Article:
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Rumpler Taube (Etrich Taube)

Imperial Germany (1910)

Detailing the development and operational history of the Rumpler Taube (Etrich Taube) Fighter / Light Bomber / Reconnaissance / Trainer Monoplane Aircraft.

 Entry last updated on 1/7/2018; Authored by Staff Writer; Content ©

  Rumpler Taube (Etrich Taube)  
Picture of Rumpler Taube (Etrich Taube) Fighter / Light Bomber / Reconnaissance / Trainer Monoplane Aircraft

A variety of builders manufactured the Etrich Taube - though the most famous of these became Rumpler whose aircraft saw combat service in World War 1.

The Austro-Hungarian-originated "Taube" was a single-seat monoplane aircraft whose design was eventually manufactured by a plethora of companies in Europe during the pre-World War 1 period. Design attribution fell to Igo Etrich and it first appeared in 1909 with a first-flight recorded during the following year. As the Etrich patent was allowed to expire, various firms undertook construction of the Taube including Rumpler, Lohner, Aviatik, DFW, Abatros and some of these saw service in World War 1 (1914-1918) as trainers, reconnaissance platforms and - to some extent - fighters / light bombers (though armed only through hand-held / hand-dropped weapons).

The Taube's wings appeared as if modeled after a bird with elegant, curved lines being used but its true form is said to have been taken from the seed of a Javan cucumber. A simple, slab-sided fuselage was used which contained the engine and pilot at the front-most part of the aircraft (a simple two-bladed propeller being utilized). A fixed wheeled undercarriage was used for ground-running. For aerial control, the wings "warped" in flight - a popular quality of early monoplanes. Power was from a Mercedes Typ E4F 4-cylinder water-cooled piston engine developing 86 horsepower. Maximum speed was 62 miles per hour with a range out to 87 miles and a service ceiling of 6,562 feet.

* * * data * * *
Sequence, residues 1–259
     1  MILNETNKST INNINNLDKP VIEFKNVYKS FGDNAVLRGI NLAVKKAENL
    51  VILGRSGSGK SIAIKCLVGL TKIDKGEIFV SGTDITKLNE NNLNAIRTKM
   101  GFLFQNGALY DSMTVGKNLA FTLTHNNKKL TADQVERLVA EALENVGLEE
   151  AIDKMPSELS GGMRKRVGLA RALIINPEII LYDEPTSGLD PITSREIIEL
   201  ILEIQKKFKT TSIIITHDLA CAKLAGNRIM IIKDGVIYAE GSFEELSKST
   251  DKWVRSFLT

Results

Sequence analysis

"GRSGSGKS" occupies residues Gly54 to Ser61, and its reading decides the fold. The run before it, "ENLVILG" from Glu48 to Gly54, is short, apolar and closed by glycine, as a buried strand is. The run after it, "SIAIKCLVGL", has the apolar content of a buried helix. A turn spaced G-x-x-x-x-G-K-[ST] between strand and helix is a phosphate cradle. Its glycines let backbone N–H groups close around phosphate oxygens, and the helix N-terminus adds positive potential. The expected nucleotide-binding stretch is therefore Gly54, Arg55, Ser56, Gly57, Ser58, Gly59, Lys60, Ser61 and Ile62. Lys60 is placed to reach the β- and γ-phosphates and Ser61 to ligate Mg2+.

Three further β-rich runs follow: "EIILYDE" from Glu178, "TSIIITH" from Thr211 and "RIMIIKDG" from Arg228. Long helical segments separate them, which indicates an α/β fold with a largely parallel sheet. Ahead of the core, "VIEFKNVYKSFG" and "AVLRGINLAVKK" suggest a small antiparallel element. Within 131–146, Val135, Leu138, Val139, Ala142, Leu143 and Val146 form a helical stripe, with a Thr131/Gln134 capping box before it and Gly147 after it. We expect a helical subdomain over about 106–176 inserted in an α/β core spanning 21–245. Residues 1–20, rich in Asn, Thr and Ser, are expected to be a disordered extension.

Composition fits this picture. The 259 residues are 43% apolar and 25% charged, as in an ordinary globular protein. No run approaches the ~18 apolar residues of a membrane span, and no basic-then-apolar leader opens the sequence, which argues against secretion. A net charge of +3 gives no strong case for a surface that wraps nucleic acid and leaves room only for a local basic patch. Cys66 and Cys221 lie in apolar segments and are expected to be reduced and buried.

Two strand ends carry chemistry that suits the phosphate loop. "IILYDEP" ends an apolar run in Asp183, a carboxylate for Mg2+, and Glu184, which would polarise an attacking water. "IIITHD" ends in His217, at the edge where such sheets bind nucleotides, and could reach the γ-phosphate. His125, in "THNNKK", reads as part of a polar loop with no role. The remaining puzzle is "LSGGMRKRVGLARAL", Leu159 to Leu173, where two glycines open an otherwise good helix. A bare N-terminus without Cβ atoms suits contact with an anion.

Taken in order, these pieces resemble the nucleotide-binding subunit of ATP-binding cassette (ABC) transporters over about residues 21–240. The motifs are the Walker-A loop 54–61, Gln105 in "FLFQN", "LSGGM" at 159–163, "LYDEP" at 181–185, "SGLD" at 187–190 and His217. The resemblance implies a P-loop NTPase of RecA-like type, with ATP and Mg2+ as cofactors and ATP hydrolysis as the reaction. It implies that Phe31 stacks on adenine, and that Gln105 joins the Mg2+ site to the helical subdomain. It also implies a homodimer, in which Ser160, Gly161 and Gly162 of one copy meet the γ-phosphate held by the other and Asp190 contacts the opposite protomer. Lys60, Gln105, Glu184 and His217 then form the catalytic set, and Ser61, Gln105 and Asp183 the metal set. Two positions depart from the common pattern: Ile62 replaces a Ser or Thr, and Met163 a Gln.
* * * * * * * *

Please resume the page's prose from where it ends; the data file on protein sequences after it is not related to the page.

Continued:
Despite its seemingly fragile appearance, Taube aircraft designs were used in a variety of civilian- and military-roles. Its first combat sortie took place over Libya when an Italian Taube dropped grenades upon an enemy position during 1911. In 1912 there followed combat exposure over the Balkans and, from then on, the series was used as observation and spotter platforms during World War 1 - though soon outclassed by more advanced aerial machines.

Global operators ranged from Argentina and Bulgaria to the Ottoman Empire and Switzerland.
Rumpler 4C Taube Specifications
National Flag Graphic
Imperial Germany
Year: 1910
Status: Retired, Out-of-Service
Type: Fighter / Light Bomber / Reconnaissance / Trainer Monoplane Aircraft
Manufacturer(s): Rumpler Flugzeugwerke - Imperial Germany
Production: 120
Supported Mission Types
Ground Attack
Close-Air Support
Airborne Early Warning
Electronic Warfare
Aerial Tanker
Passenger Industry
VIP Travel
Business Travel
Special Forces
Crew: 2
Length: 32.48 ft (9.9 m)
Width: 46.92 ft (14.30 m)
Height: 10.50 ft (3.20 m)
Empty Weight: 1,433 lb (650 kg)
MTOW: 1,874 lb (850 kg)

Installed Power
1 x Mercedes Typ E4F 4-cylinder water-cooled engine developing 86 horsepower driving a two-bladed propeller unit at the nose.

Standard Day Performance
Maximum Speed: 62 mph (100 kph; 54 kts)
Maximum Range: 87 mi (140 km; 76 nm)
Service Ceiling: 6,562 ft (2,000 m; 1.24 mi)

Usually none save for personal weapons carried by the crew including rifles, pistols, and hand-dropped bombs.

Operators List
Argentina; Austria-Hungary; Bulgaria; China; Imperial Germany; Kingdom of Italy; Norway; Ottoman Empire (Turkey); Switzerland

Series Model Variants
• Rumpler 4C "Taube" - Base Series Designation